As I type this, the robotic spacecraft Cassini is traveling at 2.4 kilometers per second (about 5,300 MPH) relative to the planet Saturn. On April 9th, when Cassini makes its closest approach to the planet during this current orbit, the craft will reach nearly 9 kilometers per second (about 20,000 MPH). For all that amazing speed, the pictures we see from Cassini are usually still shots, arrestingly beautiful–but also arrested in time.
Fortunately, we can get a sense of Cassini’s intricate ongoing dance with Saturn and its moons, thanks to sequences of still images strung together into simple animations. Sometimes these sequences are just a series of routine observations; sometimes they are planned with moving images in mind. This magic is possible thanks to the Cassini engineering and science teams, who coordinate to build a list of painstakingly precise instructions, which they radio across a billion kilometers of space to the Saturn system. Cassini does the rest, spinning and pirouetting to orient its cameras just so, even as it careens at high speed past rings and icy moons.
The results are often striking. Here are a few of my favorites. I’ve applied very little post-processing to these sequences, but what they lack in polish compared to Hollywood CGI, they make up in being real.
Surging Sunlight – The bright glint of an opposition surge seems to follow Cassini as it observes Saturn’s rings over the course of a couple of hours with the sun directly behind the spacecraft. NASA / JPL / SSI / Animation by Bill Dunford
Purple Haze in Motion – As Cassini neared Saturn’s moon Titan for a close pass, layers of haze in the giant moon’s atmosphere revealed themselves. (The color in these images is added.) NASA / JPL / SSI / Animation by Bill Dunford
Ice Shepherd – Cassini caught the shepherd moon Prometheus at work herding the icy particles of Saturn’s F ring with its gentle gravitational field. NASA / JPL / SSI / Animation by Bill Dunford
Buzzing Dione – Cassini captured this series of images as it flew near the ice world Dione in 2005. NASA / JPL / SSI / Animation by Bill Dunford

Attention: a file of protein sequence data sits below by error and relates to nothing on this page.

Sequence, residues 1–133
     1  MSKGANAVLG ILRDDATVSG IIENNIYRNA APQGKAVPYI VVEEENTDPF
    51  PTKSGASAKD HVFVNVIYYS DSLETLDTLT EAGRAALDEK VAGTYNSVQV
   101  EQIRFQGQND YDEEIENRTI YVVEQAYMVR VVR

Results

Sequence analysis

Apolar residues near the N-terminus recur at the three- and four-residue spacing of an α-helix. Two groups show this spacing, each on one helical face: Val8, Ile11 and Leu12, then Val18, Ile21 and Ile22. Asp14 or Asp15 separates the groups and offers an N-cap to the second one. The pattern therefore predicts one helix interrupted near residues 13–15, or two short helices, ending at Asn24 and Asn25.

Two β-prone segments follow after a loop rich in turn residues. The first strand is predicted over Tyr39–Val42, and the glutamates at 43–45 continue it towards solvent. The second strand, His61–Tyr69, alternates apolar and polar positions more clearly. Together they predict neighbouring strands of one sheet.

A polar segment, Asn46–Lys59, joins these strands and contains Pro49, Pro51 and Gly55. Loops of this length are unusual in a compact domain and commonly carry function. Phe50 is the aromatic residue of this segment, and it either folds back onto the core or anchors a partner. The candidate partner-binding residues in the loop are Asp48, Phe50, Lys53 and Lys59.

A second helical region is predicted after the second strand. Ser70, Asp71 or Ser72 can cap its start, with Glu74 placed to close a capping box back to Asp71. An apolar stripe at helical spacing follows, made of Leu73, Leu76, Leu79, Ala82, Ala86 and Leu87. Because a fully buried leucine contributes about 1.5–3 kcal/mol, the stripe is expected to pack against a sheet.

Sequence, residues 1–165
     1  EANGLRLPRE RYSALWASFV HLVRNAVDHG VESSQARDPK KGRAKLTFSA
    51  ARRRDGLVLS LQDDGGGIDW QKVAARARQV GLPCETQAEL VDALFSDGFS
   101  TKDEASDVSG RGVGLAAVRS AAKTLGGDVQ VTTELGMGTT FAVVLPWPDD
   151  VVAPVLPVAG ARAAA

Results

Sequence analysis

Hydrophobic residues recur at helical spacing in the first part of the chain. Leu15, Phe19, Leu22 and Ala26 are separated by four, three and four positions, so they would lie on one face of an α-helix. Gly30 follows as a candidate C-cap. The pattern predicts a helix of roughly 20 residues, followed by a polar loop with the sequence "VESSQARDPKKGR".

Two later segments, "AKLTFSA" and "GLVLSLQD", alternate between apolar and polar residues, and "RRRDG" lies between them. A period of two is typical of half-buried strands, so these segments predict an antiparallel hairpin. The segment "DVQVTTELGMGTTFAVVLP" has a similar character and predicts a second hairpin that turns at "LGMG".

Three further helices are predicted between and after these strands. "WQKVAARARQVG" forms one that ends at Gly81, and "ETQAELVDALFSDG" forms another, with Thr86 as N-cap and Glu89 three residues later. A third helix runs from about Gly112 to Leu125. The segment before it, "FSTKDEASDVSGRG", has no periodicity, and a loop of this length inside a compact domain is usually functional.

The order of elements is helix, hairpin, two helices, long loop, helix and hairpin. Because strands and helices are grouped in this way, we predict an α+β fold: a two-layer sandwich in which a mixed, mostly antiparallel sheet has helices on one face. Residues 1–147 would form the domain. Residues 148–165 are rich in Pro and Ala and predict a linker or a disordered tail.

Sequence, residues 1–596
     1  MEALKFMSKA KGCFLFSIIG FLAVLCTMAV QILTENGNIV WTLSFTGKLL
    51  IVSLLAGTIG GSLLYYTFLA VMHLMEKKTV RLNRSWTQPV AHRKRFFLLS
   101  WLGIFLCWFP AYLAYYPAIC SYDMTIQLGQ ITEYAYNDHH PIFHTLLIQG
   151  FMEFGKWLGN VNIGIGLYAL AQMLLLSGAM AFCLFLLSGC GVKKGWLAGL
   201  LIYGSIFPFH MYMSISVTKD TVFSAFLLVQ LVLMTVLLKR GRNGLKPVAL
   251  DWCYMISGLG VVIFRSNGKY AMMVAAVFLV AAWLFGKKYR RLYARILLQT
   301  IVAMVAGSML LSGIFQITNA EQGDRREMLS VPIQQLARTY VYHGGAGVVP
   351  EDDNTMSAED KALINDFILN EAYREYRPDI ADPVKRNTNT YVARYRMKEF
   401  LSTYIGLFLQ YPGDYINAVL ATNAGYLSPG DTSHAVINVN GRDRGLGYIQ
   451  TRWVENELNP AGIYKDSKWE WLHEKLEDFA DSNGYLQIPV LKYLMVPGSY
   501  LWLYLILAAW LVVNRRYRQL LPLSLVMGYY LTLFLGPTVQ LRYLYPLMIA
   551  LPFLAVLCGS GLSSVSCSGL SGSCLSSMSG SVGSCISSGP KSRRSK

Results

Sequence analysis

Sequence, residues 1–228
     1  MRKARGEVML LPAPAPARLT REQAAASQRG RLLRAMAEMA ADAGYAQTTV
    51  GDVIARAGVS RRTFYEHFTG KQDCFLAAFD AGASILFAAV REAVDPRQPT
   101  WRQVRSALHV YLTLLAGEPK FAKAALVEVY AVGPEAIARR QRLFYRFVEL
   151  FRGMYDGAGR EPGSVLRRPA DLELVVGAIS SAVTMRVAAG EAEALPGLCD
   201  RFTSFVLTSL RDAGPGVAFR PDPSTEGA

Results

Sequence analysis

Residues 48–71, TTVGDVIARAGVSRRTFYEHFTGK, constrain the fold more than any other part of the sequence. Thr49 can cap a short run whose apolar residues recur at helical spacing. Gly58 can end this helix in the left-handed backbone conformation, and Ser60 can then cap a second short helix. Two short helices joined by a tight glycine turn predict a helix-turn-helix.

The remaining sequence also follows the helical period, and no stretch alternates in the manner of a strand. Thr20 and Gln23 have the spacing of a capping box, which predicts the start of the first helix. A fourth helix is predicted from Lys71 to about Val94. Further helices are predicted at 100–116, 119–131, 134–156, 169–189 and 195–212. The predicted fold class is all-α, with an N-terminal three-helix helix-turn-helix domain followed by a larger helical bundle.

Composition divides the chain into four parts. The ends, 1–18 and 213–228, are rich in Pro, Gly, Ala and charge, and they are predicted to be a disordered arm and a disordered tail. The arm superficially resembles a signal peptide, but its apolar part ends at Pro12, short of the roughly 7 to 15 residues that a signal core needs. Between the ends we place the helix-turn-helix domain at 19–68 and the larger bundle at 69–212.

Epimetheus and Family – Epimetheus, as tracked by Cassini over the course of almost an hour as the moonlet orbited in the ring plane, along with other members of Saturn’s family of worlds. NASA / JPL / SSI / Animation by Bill Dunford
Spinning Saturn – Cassini watched over the span of about 90 minutes as Saturn turned on its axis, its atmosphere churned, and icy moons circled the scene. NASA / JPL / SSI / Animation by Bill Dunford
Enceladus Amid the Stars – Saturn’s moon Enceladus, with its intriguing ice geysers, seems to be rocketing through space in this series of images taken by Cassini. NASA / JPL / SSI / Animation by Bill Dunford
Mimas and the Rings – Cassini tracks Saturn’s moon Mimas as it orbits near the rings. The sequence shown here took about 11 minutes to capture. NASA / JPL / SSI / Animation by Bill Dunford
And here’s one more that was previously uploaded to the Saturn section of the Bruce Murray Space Image Library. I have to sneak it in, just because I think it happens to be one of the most amazing sights in the history of all exploration.
Saturn’s north polar vortex (an animation)
Saturn’s north polar vortex (an animation) – Cassini took 14 images of Saturn’s north polar vortex on November 27, 2012 over a period of many hours as the planet rotated beneath it. The 14 images have been processed to remove the geometric effects of Cassini’s oblique viewpoint and of Saturn’s rotation, holding the outer bright ring of white clouds fixed. With these motions removed, you can see individual vortices rotating and shearing, and the central clouds rotating faster than the outer ones. NASA / JPL / SSI / Kevin McAbee
This article originally appeared as a guest post on The Planetary Society site.